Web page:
A new kinship typology and factors associated with receiving financial assistance in kinship care

Yanfeng Xu, Charlotte Lyn Bright, Haksoon Ahn, Hui Huang, Terry Shaw - Children and Youth Services Review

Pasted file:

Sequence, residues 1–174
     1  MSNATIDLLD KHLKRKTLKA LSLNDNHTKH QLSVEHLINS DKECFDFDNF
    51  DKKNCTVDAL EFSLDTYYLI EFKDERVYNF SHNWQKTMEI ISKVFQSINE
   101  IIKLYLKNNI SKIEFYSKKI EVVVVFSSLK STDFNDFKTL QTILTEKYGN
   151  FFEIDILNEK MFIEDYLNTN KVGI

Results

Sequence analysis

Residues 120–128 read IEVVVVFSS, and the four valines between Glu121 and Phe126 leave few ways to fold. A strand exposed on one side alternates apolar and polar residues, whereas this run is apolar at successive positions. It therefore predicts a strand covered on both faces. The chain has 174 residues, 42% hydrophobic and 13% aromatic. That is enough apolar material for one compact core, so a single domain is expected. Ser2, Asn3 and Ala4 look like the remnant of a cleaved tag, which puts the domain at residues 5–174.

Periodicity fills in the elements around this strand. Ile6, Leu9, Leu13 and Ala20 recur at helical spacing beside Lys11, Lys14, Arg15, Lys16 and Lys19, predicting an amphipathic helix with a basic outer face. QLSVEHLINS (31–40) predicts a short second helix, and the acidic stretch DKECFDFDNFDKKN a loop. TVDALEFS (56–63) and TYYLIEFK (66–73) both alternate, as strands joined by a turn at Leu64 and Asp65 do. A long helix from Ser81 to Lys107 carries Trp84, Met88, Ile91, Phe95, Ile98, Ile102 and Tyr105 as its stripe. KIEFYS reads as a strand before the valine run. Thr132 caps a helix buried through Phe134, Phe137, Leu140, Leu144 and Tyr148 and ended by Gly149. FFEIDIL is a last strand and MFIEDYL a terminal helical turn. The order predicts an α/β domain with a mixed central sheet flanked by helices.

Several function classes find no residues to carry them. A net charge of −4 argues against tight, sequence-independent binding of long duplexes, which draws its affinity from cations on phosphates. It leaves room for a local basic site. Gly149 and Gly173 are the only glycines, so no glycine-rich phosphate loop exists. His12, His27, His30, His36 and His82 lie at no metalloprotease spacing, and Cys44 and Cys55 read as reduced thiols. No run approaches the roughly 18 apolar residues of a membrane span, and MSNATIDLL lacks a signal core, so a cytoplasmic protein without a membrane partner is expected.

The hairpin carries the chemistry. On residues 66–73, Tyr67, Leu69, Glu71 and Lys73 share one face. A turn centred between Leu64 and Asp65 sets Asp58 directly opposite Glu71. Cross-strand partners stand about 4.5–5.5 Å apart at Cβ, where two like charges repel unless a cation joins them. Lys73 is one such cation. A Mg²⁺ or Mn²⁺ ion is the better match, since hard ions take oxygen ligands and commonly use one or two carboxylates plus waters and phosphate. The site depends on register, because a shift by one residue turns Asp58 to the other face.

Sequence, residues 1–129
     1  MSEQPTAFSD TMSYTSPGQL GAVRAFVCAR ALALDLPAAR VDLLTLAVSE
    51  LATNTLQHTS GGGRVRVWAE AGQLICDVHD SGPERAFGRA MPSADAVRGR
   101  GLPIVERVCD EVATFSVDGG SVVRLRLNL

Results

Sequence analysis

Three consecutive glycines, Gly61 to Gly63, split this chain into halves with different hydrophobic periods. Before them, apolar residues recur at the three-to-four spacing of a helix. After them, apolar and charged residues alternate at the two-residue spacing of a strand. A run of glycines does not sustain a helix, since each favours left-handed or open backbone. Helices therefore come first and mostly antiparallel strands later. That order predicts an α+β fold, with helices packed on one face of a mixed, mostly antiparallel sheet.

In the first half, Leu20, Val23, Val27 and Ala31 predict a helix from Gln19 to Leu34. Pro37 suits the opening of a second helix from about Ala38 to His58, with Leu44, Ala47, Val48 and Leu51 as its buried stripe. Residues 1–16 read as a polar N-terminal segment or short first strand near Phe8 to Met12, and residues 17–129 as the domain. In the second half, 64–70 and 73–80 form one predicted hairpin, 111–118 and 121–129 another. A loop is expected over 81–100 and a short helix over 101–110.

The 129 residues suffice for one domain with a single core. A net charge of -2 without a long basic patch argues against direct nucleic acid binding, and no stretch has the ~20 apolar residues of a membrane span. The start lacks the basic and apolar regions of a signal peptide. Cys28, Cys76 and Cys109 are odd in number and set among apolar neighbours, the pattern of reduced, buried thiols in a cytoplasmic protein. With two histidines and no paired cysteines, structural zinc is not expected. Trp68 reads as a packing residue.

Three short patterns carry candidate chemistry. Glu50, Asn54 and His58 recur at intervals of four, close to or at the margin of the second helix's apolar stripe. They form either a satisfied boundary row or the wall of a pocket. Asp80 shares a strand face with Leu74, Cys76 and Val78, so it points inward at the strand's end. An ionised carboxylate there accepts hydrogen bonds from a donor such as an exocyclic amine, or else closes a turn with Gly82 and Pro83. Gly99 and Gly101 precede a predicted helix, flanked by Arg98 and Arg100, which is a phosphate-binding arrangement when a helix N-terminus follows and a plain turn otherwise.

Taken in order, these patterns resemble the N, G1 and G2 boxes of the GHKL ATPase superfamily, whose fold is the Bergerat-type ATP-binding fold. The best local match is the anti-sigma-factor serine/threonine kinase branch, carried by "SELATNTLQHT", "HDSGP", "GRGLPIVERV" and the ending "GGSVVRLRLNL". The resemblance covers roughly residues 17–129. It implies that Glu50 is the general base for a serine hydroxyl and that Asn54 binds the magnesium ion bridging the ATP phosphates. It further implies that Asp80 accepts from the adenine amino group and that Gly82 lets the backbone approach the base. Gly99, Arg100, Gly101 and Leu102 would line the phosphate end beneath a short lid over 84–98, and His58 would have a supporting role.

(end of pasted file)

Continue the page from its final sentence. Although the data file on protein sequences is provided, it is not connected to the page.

Financial hardship is one of the most challenging issues faced by kinship foster care families. Temporary Assistance for Needy Families (TANF) benefits and foster care payments are potential sources of financial assistance for kinship families. This study used wave 2 of the National Survey of Child and Adolescent Well-Being II (NSCAW II) to develop a new typology of kinship care based on financial mechanisms, including: (1) families that received TANF only (TANF only); (2) families that received foster care payments only (FC only); (3) families that received both TANF benefits and foster care payments (TANF + FC); and (4) families that received no payments (None). This study further divided the None group into two subgroups: None + Below Poverty and None + Above Poverty. To examine factors associated with receiving TANF and foster care payments, results from logistic regression analyses indicated that maltreatment type, children’s externalizing problems, married caregivers, and receiving social services were significantly associated with receiving foster care payments. Living below the federal poverty line and in a single-adult household were associated with receiving TANF benefits. Additionally, this study found that children of other race/ethnicity, such as Asian/ Pacific Islanders or Native American families, children’s internalizing problems, and employed caregivers were associated with lower odds of receiving foster care payments. Being a licensed foster caregiver was associated with lower odds of receiving TANF benefits. The results suggest that child welfare workers and policy makers should consider how to increase kinship caregivers’ awareness of financial resources and to make appropriate resources accessible for kinship caregivers.